2. Dividends taxation: You get dividends on your investments (rare, but happens in normal economies). Your upper tax on these is 55% here in Ireland, whilst in the UK it is 38%. Darn, those rich retail investors who carefully select better quality long-term non-speculative shares (majority of which pay dividends). Whack them hard, shall we?
  3. Capital gains Tax: We are a basket case. We have general rate of CGT of 33% which is higher than UK's 28%. We have now a new measure that allows for some reduced CGT on the first EUR1 million at 20%. Minister Noonan thinks that is a great way to reward successful entrepreneurs. In the UK, they think a reward should involve 10% CGT for such investors. For investment returns of up to EUR13 million 'entrepreneurship Island' reserves an effective (reduced by Budget 2016) rate of 32%. In the UK it is 10%. There is no CGT exemptions for qualifying investors and no CGT rollover for reinvestment in Ireland, whilst both measures are available in the UK. Case closed.
  4. Capital gains structural incentives: For years Irish policymakers and Enterprise Ireland have been struggling with the fact that majority of Irish entrepreneurs opt for early exits from companies - in other words, instead of building large Multinational Enterprises, our entrepreneurs too often opt for a sale of company early on. It has been an explicit objective for Irish development agencies to stimulate growth of companies beyond certain thresholds in size in the past. And Budget 2016 just created an added (albeit small) incentive to exit earlier, rather than later (the cap on preferential rate being set at EUR1 million). Classic example of incentives contradicting objectives.
  5. VAT: in Ireland, post-Budget 2016, this stays 23% and the crazy situation of charging VAT on services provided to non-VATable entities remains in place. In the UK, VAT is 20%. Thresholds: in Ireland VAT accrues for traders with revenue of >EUR37,500, but in the UK the threshold is Stg82,000. Get that, all of you self-employed and sole traders.
Of course, there is one, just one, area where Irish Government continues to impress the world: Multinationals-linked Tax Optimisation schemes. Ireland now has a Knowledge Development Box bestowing 6.25% corporate tax rate on... err... we don't quite know what. Promise is - it will apply to 'certain' patents and software copyrights. Which is just a tiny sub-set of actual business innovation and knowledge acquisition. And it is the subset that MNCs dominate. The Department of Finance estimate this measure to cost the Exchequer EUR50 million. Which really tells you just how much real activity this Knowledge Development Box is going to generate (answer is: very little) as opposed to how much of the old tax optimisation loopholes it is expected to absorb (answer is: plenty).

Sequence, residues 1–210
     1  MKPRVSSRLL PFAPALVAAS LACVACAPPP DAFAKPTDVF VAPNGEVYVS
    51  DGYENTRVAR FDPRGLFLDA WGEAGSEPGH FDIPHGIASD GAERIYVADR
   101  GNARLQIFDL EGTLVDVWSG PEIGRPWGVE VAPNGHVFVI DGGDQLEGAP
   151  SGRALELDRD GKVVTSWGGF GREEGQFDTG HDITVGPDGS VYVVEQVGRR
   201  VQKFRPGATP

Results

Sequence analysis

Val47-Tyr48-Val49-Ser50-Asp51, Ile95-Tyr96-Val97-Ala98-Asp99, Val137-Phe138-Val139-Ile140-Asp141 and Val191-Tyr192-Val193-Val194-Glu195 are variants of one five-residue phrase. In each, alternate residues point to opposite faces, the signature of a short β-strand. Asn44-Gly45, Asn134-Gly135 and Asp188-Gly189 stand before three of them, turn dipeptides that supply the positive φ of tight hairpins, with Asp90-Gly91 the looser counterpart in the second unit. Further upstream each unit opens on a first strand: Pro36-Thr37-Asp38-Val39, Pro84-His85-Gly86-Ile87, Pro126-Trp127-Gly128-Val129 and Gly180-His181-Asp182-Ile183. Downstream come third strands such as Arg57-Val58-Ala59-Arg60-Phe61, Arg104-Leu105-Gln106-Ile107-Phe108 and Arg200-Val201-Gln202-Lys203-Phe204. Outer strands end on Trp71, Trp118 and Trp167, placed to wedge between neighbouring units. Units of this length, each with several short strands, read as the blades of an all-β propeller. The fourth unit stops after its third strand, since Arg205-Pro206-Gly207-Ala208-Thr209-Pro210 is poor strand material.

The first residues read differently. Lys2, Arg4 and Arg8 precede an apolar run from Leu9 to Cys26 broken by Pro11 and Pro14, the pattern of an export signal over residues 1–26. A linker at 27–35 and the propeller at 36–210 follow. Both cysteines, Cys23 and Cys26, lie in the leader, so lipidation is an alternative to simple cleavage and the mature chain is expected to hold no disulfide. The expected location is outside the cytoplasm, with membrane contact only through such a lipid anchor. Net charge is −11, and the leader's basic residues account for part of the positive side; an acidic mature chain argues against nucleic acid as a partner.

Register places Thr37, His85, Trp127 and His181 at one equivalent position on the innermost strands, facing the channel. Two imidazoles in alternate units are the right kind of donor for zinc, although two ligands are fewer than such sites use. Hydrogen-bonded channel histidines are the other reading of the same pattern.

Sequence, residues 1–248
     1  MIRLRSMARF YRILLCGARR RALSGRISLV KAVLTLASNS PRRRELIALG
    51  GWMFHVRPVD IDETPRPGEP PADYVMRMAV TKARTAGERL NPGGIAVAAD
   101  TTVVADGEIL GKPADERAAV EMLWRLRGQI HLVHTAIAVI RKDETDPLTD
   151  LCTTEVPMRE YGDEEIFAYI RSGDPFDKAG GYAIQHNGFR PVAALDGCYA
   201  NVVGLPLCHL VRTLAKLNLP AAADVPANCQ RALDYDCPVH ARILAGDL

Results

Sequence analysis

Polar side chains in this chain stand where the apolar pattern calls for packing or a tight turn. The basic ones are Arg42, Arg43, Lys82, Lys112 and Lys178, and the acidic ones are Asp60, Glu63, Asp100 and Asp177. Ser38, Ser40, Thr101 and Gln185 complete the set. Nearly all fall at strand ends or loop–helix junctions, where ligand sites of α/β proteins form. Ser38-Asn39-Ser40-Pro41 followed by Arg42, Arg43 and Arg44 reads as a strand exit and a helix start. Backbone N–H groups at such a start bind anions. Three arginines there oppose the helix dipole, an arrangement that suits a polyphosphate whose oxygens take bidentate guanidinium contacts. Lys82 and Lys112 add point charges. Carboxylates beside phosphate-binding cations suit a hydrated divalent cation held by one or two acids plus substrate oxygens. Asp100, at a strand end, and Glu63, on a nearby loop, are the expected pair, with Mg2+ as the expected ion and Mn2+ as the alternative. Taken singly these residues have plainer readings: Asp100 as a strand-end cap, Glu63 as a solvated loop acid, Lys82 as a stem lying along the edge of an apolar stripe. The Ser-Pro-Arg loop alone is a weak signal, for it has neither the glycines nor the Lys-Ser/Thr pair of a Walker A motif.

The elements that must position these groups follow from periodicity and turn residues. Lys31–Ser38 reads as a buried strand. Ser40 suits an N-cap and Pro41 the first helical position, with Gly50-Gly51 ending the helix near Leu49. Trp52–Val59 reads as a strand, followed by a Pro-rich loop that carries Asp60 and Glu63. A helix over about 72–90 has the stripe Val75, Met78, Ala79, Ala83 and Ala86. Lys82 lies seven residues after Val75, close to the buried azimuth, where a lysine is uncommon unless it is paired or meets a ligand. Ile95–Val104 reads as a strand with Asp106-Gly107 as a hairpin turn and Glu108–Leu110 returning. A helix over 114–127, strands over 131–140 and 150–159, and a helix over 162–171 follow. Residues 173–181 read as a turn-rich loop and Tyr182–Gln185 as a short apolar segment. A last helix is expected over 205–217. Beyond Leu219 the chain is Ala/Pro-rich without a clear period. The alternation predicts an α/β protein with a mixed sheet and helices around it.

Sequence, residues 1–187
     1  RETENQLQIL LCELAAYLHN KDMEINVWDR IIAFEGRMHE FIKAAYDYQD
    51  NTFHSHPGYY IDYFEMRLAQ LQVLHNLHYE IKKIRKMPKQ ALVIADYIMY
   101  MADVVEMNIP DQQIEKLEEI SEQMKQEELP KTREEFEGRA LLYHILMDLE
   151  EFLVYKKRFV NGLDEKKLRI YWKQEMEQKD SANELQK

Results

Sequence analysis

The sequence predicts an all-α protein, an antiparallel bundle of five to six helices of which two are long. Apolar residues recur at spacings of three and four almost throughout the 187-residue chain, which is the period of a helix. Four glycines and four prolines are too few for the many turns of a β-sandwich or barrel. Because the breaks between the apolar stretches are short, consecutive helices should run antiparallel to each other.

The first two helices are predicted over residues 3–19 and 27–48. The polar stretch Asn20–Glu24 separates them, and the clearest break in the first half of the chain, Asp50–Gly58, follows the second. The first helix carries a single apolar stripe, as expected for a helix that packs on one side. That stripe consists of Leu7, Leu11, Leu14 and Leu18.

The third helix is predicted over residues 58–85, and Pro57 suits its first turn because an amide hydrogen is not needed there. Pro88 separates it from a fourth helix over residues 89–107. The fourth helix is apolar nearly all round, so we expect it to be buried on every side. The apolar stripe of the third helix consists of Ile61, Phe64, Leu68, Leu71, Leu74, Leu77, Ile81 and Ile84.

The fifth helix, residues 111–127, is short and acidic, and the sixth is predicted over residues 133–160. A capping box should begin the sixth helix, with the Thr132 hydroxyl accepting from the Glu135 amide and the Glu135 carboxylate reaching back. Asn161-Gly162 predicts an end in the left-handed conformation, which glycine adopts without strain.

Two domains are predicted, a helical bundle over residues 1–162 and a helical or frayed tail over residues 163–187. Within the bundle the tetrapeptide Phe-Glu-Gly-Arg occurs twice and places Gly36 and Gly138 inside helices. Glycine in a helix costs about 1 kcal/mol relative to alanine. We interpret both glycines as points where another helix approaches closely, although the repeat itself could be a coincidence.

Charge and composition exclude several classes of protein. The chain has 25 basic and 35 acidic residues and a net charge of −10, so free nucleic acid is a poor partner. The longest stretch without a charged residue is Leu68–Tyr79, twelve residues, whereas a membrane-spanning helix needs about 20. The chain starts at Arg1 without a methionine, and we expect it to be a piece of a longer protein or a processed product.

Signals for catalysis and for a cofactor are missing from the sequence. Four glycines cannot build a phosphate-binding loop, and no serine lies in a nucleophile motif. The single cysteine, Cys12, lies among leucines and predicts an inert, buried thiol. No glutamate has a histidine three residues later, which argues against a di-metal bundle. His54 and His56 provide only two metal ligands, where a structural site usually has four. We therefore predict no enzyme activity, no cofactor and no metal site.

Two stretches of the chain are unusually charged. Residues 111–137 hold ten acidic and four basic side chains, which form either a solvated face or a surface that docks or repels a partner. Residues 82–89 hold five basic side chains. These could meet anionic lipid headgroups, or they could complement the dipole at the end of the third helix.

NY Times headline from yesterday says it all, really:

Our Knowledge Development Box is 'boxier' than that of the UK - our 6.25% tax beats their's 10% one. Case closed: MNCs win, and there is no economy beyond that which matters.

Anyone noticing that the world around us and the world inside Ireland is shifting toward supporting human capital-centric growth (yes, not labour or PAYE or specific sector, but Human Capital-centric)? Well, over 40 submissions from various bodies and individual analysts to Budget 2016 did. They also spelled out that this shift entails two key things:
  • The need to recognise the risks assumed by workers and entrepreneurs working in this New Economy; and
  • The need to recognise the fact that human capital-endowed workers are higher earners (not the rich, but well above the average).
People like myself have been drumming this beat for ages now. Still, Budget 2016 does nothing to resolve discriminatory taxation of human capital under the USC system, discriminatory taxation of human capital in self-employment under the USC system and broader income tax system, and it has done nothing in terms of even considering asymmetric risk loadings that entrepreneurs and self-employed carry compared to PAYEs. The Budget does help by introducing Earned Income Tax Credit to offset, partially (by 1/3rd) the glaring discrimination against self-employed inherent in the PAYE tex credit system. But this is hardly a measure to fully address the problem of the taxation system vastly out of tune with realities of modern economy.

Time to ask that pesky question, thus: Does this Government understand modern economy or do we still have leadership that thinks in terms of early 20th century proletarian world?

The sop of the 'entrepreneurship' measures unveiled in Budget 2016 is illustrative to the above question: